At the same time, efforts to close the divide must come from both sides of the division, Robinson said.
“We want the cops to see that all of you guys are important and that all of you matter and that everyone has a role in this community, and we want the community to see, ‘Hey, these guys are human, too,’” Robinson said. “They have families, they’re just doing their job. They’ve got a lot of things going on. Their jobs are super complicated, maybe I’ll cut them some slack.”
At times, Robinson’s humor has seen blowback from some members of the public, he said. Most times, Robinson is able to reason with those individuals in one-on-one conversations.
“Even though I know I’m not going to make everyone happy, that doesn’t mean I shouldn’t try,” Robinson said. “It’s just kind of part of the game. The more people we get as followers and the more people that see something, the more likely it is that someone is going to think it’s a horrible thing that we’re doing.”
“That’s the same for patrol officers,” Robinson continued. “You have 10,000 interactions a year, someone is going to complain about you for something, and we do our research and our due diligence to make sure that officer wasn’t being a jerk.”
Robinson said there is sometimes no connection, no empathy and no understanding when it comes to relations between the police and the public.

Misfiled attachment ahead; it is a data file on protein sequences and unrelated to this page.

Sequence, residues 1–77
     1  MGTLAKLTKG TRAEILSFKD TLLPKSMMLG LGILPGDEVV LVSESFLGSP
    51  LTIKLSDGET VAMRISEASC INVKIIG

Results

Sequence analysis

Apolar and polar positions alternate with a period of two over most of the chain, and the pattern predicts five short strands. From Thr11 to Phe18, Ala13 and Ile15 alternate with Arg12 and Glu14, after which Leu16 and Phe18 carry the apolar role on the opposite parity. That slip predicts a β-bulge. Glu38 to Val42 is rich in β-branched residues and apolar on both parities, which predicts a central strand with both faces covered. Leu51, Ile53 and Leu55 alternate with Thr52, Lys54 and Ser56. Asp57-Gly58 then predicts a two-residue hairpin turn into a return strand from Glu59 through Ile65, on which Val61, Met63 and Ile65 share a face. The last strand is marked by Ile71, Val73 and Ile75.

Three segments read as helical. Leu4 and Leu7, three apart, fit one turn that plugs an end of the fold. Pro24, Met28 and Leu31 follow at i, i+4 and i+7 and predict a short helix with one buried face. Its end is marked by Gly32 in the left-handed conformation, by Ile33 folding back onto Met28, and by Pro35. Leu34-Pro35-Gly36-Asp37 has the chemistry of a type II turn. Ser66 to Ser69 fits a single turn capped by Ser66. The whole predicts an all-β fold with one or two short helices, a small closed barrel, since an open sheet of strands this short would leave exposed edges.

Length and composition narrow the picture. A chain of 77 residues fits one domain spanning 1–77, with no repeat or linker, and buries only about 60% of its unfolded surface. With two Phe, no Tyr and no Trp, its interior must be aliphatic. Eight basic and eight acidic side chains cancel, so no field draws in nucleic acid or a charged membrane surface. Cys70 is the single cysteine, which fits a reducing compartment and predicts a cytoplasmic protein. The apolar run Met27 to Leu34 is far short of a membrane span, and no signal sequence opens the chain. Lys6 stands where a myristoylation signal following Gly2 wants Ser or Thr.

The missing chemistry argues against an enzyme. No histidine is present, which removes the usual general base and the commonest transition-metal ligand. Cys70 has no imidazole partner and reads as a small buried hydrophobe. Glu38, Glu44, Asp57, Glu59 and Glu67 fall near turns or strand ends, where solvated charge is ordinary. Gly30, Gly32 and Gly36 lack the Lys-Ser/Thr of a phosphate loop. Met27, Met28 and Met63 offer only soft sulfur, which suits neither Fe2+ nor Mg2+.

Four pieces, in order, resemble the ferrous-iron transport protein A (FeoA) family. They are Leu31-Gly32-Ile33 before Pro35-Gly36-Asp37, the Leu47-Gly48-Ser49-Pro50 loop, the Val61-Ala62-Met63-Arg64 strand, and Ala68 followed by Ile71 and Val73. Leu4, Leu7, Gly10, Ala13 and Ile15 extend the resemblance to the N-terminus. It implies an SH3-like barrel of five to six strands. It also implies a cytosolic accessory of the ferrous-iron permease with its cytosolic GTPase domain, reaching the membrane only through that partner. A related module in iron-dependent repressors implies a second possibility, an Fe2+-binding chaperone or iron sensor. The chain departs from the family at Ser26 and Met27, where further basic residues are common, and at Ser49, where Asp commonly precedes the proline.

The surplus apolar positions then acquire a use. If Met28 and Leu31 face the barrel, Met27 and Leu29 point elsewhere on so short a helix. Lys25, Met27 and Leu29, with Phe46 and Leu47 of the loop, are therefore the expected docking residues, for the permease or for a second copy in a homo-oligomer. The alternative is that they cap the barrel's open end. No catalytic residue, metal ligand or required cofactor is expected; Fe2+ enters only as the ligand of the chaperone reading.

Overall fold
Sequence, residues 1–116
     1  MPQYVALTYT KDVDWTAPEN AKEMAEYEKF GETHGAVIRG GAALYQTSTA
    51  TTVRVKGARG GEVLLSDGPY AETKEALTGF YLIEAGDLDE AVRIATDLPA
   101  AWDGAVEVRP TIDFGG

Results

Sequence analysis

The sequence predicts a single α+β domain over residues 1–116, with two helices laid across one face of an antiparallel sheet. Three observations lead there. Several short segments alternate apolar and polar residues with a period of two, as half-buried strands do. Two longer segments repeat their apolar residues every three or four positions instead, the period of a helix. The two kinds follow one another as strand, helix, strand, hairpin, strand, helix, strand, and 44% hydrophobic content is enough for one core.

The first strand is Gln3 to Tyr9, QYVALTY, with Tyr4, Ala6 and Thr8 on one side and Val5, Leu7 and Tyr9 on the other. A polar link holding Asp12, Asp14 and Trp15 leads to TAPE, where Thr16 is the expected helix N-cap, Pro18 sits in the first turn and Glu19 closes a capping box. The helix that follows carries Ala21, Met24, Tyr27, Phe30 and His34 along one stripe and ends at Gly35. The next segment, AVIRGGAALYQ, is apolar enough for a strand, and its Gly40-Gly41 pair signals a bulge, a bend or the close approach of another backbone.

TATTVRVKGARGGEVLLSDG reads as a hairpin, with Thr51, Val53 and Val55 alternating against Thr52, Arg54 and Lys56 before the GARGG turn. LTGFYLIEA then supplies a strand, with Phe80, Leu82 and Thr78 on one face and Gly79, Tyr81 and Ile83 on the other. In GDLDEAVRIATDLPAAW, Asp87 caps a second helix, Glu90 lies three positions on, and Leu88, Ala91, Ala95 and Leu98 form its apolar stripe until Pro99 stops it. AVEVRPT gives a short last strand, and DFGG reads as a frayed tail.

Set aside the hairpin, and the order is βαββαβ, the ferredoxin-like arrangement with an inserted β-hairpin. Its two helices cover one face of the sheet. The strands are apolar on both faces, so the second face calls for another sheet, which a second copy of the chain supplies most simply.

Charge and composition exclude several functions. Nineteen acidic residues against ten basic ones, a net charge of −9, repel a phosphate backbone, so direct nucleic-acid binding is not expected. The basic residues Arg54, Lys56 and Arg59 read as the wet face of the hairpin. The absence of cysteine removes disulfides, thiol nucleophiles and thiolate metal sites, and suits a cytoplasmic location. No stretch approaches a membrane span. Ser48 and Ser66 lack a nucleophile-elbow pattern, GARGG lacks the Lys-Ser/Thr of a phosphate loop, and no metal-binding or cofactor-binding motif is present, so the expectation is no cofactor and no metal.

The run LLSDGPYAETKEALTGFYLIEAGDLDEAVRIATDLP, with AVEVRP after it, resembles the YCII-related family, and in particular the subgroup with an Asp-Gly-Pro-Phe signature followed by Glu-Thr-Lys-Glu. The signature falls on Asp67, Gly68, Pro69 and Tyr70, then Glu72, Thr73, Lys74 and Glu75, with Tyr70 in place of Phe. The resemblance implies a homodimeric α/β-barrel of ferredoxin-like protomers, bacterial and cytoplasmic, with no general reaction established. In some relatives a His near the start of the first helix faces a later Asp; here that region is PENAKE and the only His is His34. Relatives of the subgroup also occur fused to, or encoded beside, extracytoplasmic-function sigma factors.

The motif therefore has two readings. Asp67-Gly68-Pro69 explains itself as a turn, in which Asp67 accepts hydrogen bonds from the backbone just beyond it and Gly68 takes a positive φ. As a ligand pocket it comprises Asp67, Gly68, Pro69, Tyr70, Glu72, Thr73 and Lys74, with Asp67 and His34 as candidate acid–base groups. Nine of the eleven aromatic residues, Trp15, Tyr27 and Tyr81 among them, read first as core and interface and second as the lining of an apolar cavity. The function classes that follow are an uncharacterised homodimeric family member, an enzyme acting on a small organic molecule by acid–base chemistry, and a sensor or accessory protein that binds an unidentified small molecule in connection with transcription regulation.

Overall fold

“A lot of people have no idea what cops do,” Robinson said. “They think we pull people over and we take people to jail — that those are the two activities that we do. They don’t understand all of the different things we do inside of our job and why we pull people over or why we take people to jail.”
Robinson said he aims to build that connection with RCPD’s social media presence.
“The interactions we have on social media — every single one of them is designed to help people understand all of the complex things we deal with on a daily basis,” Robinson said. “Hopefully, we’re starting to bridge that gap.”
Humans behind badges
In the near future, Robinson said he plans to run a week-long series humanizing police officers by sharing pictures of the officers with their families or reading to their children.
“If you see a whole bunch of cops with their kids and they’re playing games or reading books or feeding them or something like that, all of a sudden, hopefully, we’re not just a badge and a uniform,” Robinson said. “Like, there’s an actual person inside that uniform, and that would show people that.”
Robinson said he realized he will never completely change everyone’s opinion on the police.
“People are going to hate cops no matter what,” Robinson said. “People are going to love cops no matter what. Those are the people you can’t really change their opinions, but everybody else in the middle, the 80 percent, they’re going to be swayed one way or the other, whether it’s by us or by the media or by their personal interactions with someone.”
With that in mind, Robinson said it is not his goal to convince people to love the police.
“We’re not trying to lie to people or to change peoples’ opinion in a nefarious way,” Robinson said. “We’re just trying to show people what we deal with on a daily basis, and the types of behavior people in our community have, and why we have to stop those kinds of behaviors.
“Hopefully, that shows people one, that we’re professional; two, that we care about them; and three, that when we take enforcement action, it’s for a reason,” Robinson said. “It’s not just because we want to. There’s laws for a reason, there’s penalties for laws for a reason, and that’s to keep people safe and to help people have better lives.”